Nigeria is still very much a conservative country in which marriage is seen as the completion of a man or a woman.
You may earn all the degrees in the world and grab all the money to boot, but once you are not married you are seen as being hollow.
It is even worse for the woman because the society somewhat compels her to be more of a sitting duck without the rights to propel her own life.
She has to wait for a man to propose to her; and if she deigns to do the chasing on her own, she becomes an object of caricature.
Given the menace of the ever-ticking biological clock the single Nigerian woman lives on edge every day.
It is akin to suicide going past her sell-by date.
This untidy state of affairs recalls some words from Chinua Achebe’s Anthills of the Savannah:
“Better to marry a rascal than grow a moustache in your father’s compound; better an unhappy marriage than an unhappy spinsterhood; better marry Mr. Wrong in this world than wait for Mr. Right in heaven; all marriage is how-for-do; all men are the same…”
There is this insightful little book, Tales of the Single Woman by Chioma Obiefuna, which bears the insightful subtitle “A humorous encounter with The Single Nigerian Woman”.
The encounters in the book happen to be many as the author uses real life tales – with fictionalized names of course – to depict the multiform experiences of female singles.
The interesting aspect of the matter is that our author is by no way single, being married to the eminent structural engineer, Ralph Chudi Obiefuna, who is acknowledged in the book as “a very strong neutral – who contributed ideas to this project.”
It takes courage for a securely married woman to do work on single women in lieu of the fact that she may be seen as gloating.
The author adroitly uses the stories of the single women to paint a contemporary picture of the sundry stereotypes and ill-assorted perceptions towards the mature single women in a conservative society such as Nigeria is.
All she demands of her readers is the requisite open-mindedness to deal with the salient issues.
She starts out with the Biblical creation of Adam and the concomitant need to create a helpmate in Eve.
She ups the ante to contemporary times when in the film Shall We Dance the Susan Sarandon character says: “We need a witness to our lives. There’s a billion people on the planet, what does anyone life really mean? But in a marriage, you’re promising to care about everything…”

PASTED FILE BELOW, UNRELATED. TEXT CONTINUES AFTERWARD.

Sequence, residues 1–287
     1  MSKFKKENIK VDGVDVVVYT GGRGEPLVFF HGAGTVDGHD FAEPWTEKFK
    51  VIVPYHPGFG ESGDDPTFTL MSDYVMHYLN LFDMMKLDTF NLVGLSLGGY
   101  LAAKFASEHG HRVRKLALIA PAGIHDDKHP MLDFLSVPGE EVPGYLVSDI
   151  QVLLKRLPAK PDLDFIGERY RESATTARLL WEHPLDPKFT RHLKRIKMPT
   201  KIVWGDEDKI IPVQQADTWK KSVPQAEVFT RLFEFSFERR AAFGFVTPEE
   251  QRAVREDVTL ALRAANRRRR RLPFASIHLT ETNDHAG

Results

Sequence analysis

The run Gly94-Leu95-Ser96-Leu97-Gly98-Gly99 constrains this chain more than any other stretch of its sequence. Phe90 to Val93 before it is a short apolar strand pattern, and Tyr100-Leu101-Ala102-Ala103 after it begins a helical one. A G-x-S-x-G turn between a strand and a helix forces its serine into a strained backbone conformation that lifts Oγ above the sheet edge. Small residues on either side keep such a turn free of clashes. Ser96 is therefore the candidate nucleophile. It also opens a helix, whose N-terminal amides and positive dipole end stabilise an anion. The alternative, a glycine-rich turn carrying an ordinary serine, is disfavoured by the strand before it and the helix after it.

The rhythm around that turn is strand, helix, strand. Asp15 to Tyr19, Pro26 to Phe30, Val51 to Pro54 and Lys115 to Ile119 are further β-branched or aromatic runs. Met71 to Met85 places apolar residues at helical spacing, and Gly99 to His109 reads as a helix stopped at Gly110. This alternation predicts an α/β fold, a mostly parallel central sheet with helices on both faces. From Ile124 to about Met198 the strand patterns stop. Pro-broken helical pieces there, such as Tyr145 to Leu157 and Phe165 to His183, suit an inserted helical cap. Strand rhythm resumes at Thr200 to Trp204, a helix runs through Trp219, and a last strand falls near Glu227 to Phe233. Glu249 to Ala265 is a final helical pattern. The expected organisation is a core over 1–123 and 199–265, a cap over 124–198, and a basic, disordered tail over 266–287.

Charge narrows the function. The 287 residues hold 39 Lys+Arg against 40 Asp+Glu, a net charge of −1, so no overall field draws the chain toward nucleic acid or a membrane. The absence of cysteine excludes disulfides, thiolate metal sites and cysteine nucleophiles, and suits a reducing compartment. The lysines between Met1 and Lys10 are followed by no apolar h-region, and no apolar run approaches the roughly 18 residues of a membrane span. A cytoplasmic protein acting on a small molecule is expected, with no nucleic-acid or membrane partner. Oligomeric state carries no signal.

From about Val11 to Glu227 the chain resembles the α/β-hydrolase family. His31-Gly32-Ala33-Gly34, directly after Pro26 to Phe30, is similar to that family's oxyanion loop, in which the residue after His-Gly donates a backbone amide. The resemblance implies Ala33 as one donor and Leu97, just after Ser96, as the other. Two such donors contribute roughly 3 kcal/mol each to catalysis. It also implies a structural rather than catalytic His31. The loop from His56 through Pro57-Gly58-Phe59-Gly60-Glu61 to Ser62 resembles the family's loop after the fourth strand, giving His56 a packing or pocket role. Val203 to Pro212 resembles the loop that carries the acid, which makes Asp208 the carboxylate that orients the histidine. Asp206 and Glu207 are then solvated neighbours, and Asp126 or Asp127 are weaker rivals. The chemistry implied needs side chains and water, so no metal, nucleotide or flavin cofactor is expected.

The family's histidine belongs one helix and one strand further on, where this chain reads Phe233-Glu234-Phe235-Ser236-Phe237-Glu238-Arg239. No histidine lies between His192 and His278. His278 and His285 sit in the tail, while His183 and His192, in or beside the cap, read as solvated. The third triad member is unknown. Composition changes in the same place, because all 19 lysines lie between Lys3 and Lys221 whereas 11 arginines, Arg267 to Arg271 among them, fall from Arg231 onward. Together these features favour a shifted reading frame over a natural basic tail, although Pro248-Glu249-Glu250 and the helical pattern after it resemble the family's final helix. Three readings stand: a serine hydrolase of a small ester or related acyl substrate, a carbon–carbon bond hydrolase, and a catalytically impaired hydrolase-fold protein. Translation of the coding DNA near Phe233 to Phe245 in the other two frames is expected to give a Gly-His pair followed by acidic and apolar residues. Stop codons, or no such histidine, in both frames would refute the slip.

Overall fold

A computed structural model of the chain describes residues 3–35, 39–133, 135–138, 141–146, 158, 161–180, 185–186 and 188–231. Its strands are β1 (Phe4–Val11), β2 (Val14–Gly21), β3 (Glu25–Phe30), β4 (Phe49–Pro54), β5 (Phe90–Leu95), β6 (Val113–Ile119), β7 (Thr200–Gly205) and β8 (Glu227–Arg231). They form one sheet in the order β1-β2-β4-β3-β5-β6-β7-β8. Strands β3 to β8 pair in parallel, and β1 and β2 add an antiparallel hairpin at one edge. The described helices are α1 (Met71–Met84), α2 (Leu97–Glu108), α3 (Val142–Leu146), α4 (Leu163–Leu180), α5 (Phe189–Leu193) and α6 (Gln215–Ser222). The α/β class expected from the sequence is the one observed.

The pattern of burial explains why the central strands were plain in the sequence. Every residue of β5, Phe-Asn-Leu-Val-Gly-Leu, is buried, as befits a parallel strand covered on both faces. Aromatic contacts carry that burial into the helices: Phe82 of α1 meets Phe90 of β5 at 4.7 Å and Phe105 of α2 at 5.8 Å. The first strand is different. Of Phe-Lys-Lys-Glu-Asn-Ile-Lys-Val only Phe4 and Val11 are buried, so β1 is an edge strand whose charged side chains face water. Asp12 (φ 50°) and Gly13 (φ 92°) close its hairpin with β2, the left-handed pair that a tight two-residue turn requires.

From her findings through interactions with the mature singles, it’s obvious that there are few eligible bachelors available due to the decrease of economic power of the male population.
She supplies the interesting fact that only in five Nigerian states, namely, Abia, Ebonyi, Enugu, Ogun and Plateau, are there more females than males!
Her remarkable case studies includes Sandra’s story in which the gold-digging Obinna eventually dumps Sandra even after introducing her to his parents as his wife-to-be.
In the case of Nene, she ceded her position to her friend Eky as she was not satisfied with the sexual prowess of Mike who had a very small member.
Bene’s fate was that of forever hearing from her mother: “Go and marry!”
Etta’s woe is that her socialite mother wants her to marry so that she can don aso-ebi with her million friends.
There is the unrelieved comfort of fellow singles that see in others that they are not alone in the wahala.
The matter gets more complicated with married peers who view the mature singles with “mixed feelings of pity, relief and sometimes envy.”
The author who now lives with her husband and children in Canada depicts some characters as “Concerned Citizens” who are unsolicited matchmakers forever on the lookout for potential husbands for the mature single ladies.
A breed of men that the single ladies can do without gets labelled as “Lazies”, who must do no work but eat off the hands of successful women.
She delineates the types of single ladies thusly: “Sad Single (SS)”, “Nonchalance Feigners (NF)”, and “High Headed Singles HHS”.
She makes a case for living life as a new single by adopting principles such as self-acceptance, cultivating healthy personal relationships, building spiritual relationships, striking a good balance in work and career, being open-minded, and enjoying a good laugh.
She cheekily suggests a sexual revolution amongst married women such that they would conspire to give birth to more boys which would eventually lead to so many men competing for too few women!
Well, maybe Yul Edochie should come to the rescue by marrying off all the single ladies via polygamy!